On a bitterly cold and snowy day in January 1982, Air Florida flight 90 took off from Washington D.C. heading to Tampa, Florida.
Immediately after takeoff the plane began experiencing problems from the ice that had formed on its wings. It plummeted, skipping off Washington’s 14th Street bridge and crashing into the icy waters of the Potomac River.
The ensuing rescue effort was broadcast on local television. Frigid temperatures and bad weather hampered the first responders. With time running out to save the crash victims, a bystander named Lenny Skutnik suddenly jumped in and saved flight attendant Priscilla Trijado, who had twice fallen back into the water after slipping away from rescue lines.
A speechwriter for Ronald Reagan named Aram Bakshian was watching the coverage. He immediately thought Skutnik’s story would resonate with the American people and decided to include it in his draft of Reagan’s upcoming State of the Union address.
A few weeks later, Skutnik was sitting in the gallery of the U.S. House chamber watching as President Reagan told his story.
Reagan recounted the rescue. He said Skutnik embodied “American heroism at its finest.”
Reagan then looked up at Skutnik, who was seated in the gallery next to First Lady Nancy Reagan. The chamber burst into applause.
This was the first of what was to become a tradition in State of the Union addresses. It has become such a predictable part of the speech that the act of pointing out a guest seated in the gallery has become known as “the Skutnik,” and the guests themselves are referred to as “Lenny Skutniks.”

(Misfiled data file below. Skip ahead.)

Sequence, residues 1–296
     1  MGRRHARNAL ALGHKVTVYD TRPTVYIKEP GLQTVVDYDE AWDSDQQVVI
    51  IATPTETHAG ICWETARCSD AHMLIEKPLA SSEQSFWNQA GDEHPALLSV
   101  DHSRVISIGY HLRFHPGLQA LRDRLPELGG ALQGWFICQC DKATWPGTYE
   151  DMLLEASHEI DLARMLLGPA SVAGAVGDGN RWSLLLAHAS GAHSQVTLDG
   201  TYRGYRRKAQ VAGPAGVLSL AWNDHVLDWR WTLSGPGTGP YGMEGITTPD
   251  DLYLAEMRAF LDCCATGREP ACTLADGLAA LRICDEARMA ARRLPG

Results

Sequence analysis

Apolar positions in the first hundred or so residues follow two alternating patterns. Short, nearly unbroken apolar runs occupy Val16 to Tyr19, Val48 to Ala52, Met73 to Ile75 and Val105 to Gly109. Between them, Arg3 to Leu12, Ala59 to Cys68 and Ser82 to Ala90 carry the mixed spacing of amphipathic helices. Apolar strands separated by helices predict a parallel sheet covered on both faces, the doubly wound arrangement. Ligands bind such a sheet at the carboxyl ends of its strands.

Why presidents do it
Presidents have historically selected uncontroversial figures who embody a positive message, or at least who represent a political agenda framed in virtuousness for the greater good.
When George W. Bush talked about kindness and self-sacrifice in his 2007 address, he praised professional basketball player Dikembe Mutombo — a new U.S.citizen — for building a hospital in his hometown in the Democratic Republic of Congo.
In his 2011 address, President Barack Obama pointed out guest Brandon Fisher in the context of discussing American hard work, ingenuity and selflessness. Obama told how Fisher’s Pennsylvania company specialized in new drilling technologies that helped rescue the trapped Chilean miners the year before.
People like Skutnik, Mutombo and Fisher represented values that presidents believed were important. They provided role models for others to follow.
Presidents also use the State of the Union as an opportunity to set out ambitious political priorities. By pointing out heroes, presidents can put a face and a story to the policies they want to highlight.
For example, in his 1999 address, President Bill Clinton, while talking about his initiatives to combat racism and inequality, pointed to civil rights icon Rosa Parks who was seated in the gallery next to First Lady Hillary Clinton.
In 2002, President George W. Bush gave his first State of the Union address after the 9/11 terrorist attacks. He singled out Hermis Moutardier and Christina Jones — two of the flight attendants who thwarted “shoe bomber” Richard Reid on American Airlines Flight 63 bound from Paris to Miami in 2001. He also pointed to Sharon Spann, widow of CIA officer Michael Spann, who was killed in Afghanistan.
As presidential scholars Karlyn Kohrs Campbell and Kathleen Hall Jamieson write in their book, Presidents Creating the Presidency, State of the Union addresses are about celebrating shared values, aspirations and national identity.
That’s especially true when it comes to the Skutnik.
This article is republished from The Conversation under a Creative Commons license.